Nisha George’s earliest memory of cooking in the kitchen was when she was in class 5, making gulab jamuns. Back then she made a lot of sweets before learning to cook savoury dishes. Growing up in Coonoor she cooked a lot for her school friends, who enjoyed and appreciated her food. While in college, she would help run the canteen during special events and catered home-cooked food to campus celebrations. Thus began her catering career, at a very young and enthusiastic age.
She now lives in the outskirts of Coimbatore and caters to private parties on request. She specialises in non-vegetarian food and her signature dish is pork ribs. Some of her other specialities include meat cutlets, Malabari Biriyani and varutharacha kari. Her grandmother is from North Kerala while her grandfather is from the Kottayam area. She can make dishes from both these regions along with a variety of continental dishes.
She is an intuitive cook and generally does not follow recipes except while baking. Nisha is capable of recreating dishes just from tasting them a couple of times. She was happy to make a note of how she cooked Pineapple Puliserry to contribute to our Onam recipe collection.
The Puliserry is very similar to the More Kolumbu of Tamil Nadu. It is a curd based curry with a spicy coconut paste used to enhancing it. Some of the vegetables commonly used in Puliserry are cucumber, ash gourd / white pumpkin, yam or green plantains. Fruits like ripe mangoes and pineapples are also used in puliserry and this adds to the diversity of the Onam sadya. The sweet and sour taste of a fruit puliserry is intriguing and sure to be a crowd-pleaser.
Makes 2 bowls
½ Cup pineapple, cleaned and cut into 1 inch pieces, about 3 cups
½ Cup water
½ Tsp turmeric powder
1 Tsp red chilli powder
2 Tsp sugar (optional)
3 Cups yogurt / curd
1 ½ Cup fresh grated coconut
4 Green chillies, chopped
¾ Tsp cumin seeds
4 Sprigs curry leaves
1 Tbsp coconut oil
¾ Tsp mustard seeds
½ Tsp fenugreek seeds
4 Red chillies, broken into two pieces each
Salt to taste
1. In a kadai, cook the pineapple pieces along with the water, turmeric powder, red chilli powder and sugar until it’s tender and soft.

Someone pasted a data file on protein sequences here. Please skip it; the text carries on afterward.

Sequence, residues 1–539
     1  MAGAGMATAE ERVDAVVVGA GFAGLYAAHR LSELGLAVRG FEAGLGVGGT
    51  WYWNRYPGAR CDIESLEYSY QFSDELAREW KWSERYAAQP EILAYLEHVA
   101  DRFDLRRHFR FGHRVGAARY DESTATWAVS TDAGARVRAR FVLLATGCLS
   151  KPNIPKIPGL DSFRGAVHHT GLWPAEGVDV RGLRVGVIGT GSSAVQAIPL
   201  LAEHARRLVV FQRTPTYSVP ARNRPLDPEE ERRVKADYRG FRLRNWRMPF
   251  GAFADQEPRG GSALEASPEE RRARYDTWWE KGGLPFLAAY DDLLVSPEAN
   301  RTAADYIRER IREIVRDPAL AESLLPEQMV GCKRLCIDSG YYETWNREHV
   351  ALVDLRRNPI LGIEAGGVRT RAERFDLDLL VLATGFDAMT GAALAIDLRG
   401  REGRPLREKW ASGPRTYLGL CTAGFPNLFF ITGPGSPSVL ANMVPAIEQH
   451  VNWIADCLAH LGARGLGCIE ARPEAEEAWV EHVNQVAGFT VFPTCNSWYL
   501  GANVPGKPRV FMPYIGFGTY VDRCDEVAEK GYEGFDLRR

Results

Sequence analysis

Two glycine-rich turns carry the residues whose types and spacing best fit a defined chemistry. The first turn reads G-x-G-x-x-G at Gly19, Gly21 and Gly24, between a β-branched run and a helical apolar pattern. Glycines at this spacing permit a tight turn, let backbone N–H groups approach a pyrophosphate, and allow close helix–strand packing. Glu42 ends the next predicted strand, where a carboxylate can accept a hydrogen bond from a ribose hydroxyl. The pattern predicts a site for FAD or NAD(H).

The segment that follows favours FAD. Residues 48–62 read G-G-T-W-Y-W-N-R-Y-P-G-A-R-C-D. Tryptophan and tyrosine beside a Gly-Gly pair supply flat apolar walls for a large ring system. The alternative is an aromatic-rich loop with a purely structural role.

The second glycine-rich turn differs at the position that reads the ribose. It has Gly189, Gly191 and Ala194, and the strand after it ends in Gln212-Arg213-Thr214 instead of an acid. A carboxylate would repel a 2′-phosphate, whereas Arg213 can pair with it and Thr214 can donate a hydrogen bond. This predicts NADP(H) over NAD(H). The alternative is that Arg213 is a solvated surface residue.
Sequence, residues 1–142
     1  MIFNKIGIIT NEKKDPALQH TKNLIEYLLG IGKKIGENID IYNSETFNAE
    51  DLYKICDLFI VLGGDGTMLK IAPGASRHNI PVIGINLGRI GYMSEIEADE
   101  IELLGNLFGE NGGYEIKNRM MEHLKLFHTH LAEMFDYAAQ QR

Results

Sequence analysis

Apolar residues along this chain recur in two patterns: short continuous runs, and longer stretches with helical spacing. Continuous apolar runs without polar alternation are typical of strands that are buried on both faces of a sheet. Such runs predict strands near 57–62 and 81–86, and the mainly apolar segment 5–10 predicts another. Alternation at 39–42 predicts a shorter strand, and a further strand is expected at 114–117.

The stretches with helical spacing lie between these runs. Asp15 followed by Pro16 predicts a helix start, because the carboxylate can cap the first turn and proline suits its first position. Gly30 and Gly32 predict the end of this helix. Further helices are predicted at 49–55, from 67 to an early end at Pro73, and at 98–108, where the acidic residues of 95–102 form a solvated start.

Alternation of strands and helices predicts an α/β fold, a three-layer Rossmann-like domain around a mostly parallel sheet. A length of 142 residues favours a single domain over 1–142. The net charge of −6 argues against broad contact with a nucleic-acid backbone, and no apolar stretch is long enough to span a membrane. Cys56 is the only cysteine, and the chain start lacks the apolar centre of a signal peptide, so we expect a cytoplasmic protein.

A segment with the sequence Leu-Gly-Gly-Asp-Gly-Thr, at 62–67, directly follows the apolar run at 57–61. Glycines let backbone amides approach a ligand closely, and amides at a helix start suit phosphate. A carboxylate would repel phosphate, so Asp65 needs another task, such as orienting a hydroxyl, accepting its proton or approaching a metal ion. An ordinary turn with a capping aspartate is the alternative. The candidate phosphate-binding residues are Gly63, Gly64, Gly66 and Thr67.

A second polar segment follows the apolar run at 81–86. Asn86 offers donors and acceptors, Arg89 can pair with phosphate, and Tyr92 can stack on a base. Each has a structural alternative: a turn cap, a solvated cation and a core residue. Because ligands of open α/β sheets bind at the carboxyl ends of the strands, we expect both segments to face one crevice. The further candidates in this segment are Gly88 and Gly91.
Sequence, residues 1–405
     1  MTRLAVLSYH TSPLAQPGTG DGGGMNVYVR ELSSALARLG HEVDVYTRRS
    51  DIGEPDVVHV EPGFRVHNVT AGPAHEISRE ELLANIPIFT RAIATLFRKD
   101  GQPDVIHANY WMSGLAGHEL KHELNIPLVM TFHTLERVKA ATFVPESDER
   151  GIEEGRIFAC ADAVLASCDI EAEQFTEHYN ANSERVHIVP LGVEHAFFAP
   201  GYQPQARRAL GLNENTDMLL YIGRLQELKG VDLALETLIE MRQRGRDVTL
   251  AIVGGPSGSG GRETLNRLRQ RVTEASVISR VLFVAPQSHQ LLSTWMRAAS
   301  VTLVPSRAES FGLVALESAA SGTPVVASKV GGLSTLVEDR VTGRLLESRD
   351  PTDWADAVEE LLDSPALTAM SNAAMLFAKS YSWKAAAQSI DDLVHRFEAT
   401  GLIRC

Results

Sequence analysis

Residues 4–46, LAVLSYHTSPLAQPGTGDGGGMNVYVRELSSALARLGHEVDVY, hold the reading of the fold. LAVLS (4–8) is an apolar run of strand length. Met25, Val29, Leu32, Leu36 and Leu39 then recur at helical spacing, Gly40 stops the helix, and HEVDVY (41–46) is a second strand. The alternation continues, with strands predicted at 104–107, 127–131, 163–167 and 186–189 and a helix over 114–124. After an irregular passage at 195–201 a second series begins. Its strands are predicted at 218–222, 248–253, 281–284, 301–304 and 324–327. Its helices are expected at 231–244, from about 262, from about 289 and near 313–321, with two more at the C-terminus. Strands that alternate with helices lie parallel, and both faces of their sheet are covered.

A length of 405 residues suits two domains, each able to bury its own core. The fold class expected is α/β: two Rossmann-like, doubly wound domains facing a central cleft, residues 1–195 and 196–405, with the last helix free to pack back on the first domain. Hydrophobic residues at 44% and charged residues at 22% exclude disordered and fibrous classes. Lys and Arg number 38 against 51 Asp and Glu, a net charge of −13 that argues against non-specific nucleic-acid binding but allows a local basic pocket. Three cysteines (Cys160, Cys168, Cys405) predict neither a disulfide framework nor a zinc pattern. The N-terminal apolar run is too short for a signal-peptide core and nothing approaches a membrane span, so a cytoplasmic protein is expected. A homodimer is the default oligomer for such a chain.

2. In the Ultra Vario+ Mixer Grinder, grate 1 ½ cups of fresh coconut using the coconut scraper attachment
3. Use the Ultra Vario+ Mixer Grinder to grind the grated coconut, green chillies, cumin seeds and 2 sprigs of curry leaves along with half of the yogurt / curd to a fine paste*. Add this paste to the cooked pineapple along with salt and mix well. Let it simmer on low heat.
4. Beat the remaining yogurt / curd with a fork or a whisk and add to the simmering curry and mix well. Bring the curry to a boil and cook for a minute, stirring all the time till the curry is heated through. Care should be taken to not let the curry curdle in consistency. Remove from flame and set aside.
5. In a small frying pan, heat the coconut oil and temper with mustard seeds, fenugreek seeds, 2 sprigs of curry leaves and red chillies. Pour this over the pineapple curry and stir gently.
6. Note: Roasted and finely powdered fenugreek powder can also be sprinkled at the end over the puliserry instead of using the fenugreek seeds in the final tempering.
7. Nisha recommends using a small earthen pot to cook the puliserry as it enhances the flavour of the dish. She also suggests buying a ripe but firm pineapple as it’ll not disintegrate during the cooking process unlike a very ripe and soft one.
*Use the highest speed setting in the Elgi Ultra Duramix 750p for 45 seconds to get a fine paste.